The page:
Professor Nikos Maniadakis from the National School of Public Health in Athens, Greece, had this to say today at the European Health Forum Gastein (EHFG): “Generics allow drug costs to be reduced substantially, thereby relieving the burdens on health care systems. However, these efforts only yield fruit if carried out correctly. Otherwise, there is a danger of a decline in treatment quality and in potential savings.”
“Resilient and Innovative Health Systems for Europe” is the slogan for this year’s EHFG. More than 550 participants from some 45 countries are attending Europe’s most important health policy conference in Bad Hofgastein to exchange views on key issues affecting European health systems.
When patents run out and the drugs covered by them are no longer patent protected, copies with the same active ingredients are allowed to be produced and sold. These copies are called generic drugs and have the advantage of being cheaper, usually far cheaper, than the original products. In terms of effectiveness and compatibility, generic drugs should not differ from the original, at least in theory. Professor Maniadakis said this presupposed a high degree of care on the part of the approval authorities: “Ultimately it is all about safety. In recent times, we have frequently seen that things do not work as they should. Major quality problems were determined with generic drugs in several countries. In some cases, the products were quite simply fakes.” Even in places where everything is done properly, the quality of treatment is not always assured when patients shift to generic drugs. In many cases, the conditions under which a generic drug is allowed to replace the original are not so clear. A ‘drug with the same active ingredients’ does not necessarily have the same active ingredients but sometimes only similar ones and can also contain additional different substances than the original. Professor Maniadakis referred in this context to a study presented at the EHFG showing that the definitions of what a generic drug was allowed to be differed widely in some cases amongst the 65 countries covered. He added that the degree of penetration of generic drugs was nonetheless considered a measure of the efficiency of health care systems. He went on to say that more research was urgently needed to stay on the safe side in what was usually a very simple approval process for generic drugs.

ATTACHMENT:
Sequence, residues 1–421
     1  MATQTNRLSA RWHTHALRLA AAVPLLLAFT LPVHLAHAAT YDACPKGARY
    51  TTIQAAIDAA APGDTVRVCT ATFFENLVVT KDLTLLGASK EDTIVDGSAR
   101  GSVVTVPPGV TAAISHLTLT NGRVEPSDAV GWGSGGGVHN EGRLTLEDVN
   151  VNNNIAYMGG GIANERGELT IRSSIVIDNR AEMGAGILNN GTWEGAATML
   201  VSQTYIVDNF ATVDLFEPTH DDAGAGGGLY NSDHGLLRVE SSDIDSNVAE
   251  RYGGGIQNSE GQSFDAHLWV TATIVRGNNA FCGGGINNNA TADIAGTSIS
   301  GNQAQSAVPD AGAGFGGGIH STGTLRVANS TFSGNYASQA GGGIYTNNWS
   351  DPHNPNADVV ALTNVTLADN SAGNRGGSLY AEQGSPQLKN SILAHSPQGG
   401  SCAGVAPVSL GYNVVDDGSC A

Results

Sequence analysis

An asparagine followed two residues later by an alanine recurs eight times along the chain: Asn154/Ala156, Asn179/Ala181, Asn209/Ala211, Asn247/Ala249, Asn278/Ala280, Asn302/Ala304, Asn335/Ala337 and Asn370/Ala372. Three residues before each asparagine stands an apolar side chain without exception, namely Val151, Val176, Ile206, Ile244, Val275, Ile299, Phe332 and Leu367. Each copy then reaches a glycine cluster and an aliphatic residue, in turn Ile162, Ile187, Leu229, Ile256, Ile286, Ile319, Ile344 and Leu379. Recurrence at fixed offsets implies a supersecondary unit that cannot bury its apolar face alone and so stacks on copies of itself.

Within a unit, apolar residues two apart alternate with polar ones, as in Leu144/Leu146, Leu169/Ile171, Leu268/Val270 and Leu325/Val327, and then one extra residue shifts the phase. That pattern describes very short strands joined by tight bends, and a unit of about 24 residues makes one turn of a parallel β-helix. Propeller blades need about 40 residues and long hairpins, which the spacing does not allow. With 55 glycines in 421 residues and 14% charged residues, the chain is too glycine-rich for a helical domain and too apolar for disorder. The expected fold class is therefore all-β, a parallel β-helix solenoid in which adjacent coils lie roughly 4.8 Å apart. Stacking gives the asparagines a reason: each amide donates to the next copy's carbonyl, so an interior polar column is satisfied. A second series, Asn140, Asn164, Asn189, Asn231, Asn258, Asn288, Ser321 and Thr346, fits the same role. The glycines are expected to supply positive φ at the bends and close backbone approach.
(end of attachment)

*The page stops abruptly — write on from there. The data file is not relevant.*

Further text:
The economic advantage is not automatically guaranteed either. “Generics really have to be much cheaper to be worthwhile,” Professor Maniadakis said. “Regulation can definitely be helpful in reaching this goal. However, it is no guarantee. Freedom of choice and market mechanisms are important prerequisites if the broader introduction of generics is to succeed. Our study conducted an international comparison showing that regulation brings no cost advantages past a certain point and also is not useful in achieving the set goals. A negative example is procurement based on a tender system. This approach is taken in Scandinavia, for example. Huge quantities of a drug are purchased centrally there, which naturally causes the prices to fall initially. At the same time, this method forces other suppliers off the market and creates monopolists. In the long term, it has tended to have unfavourable impacts on prices. Generally, one could say that incentives yield better results than coercion.” This is especially true of patients’ perceptions. Frequently, they trust generic drugs less than original preparations and their adherence to therapy can suffer as a result.
Ultimately the goal is also to take the money saved through the use of generics and spend it sensibly in other parts of the health care system and medicine. Professor Maniadakis cited funding from public authorities for medical studies in this context as well as for increased investment in education and prevention.
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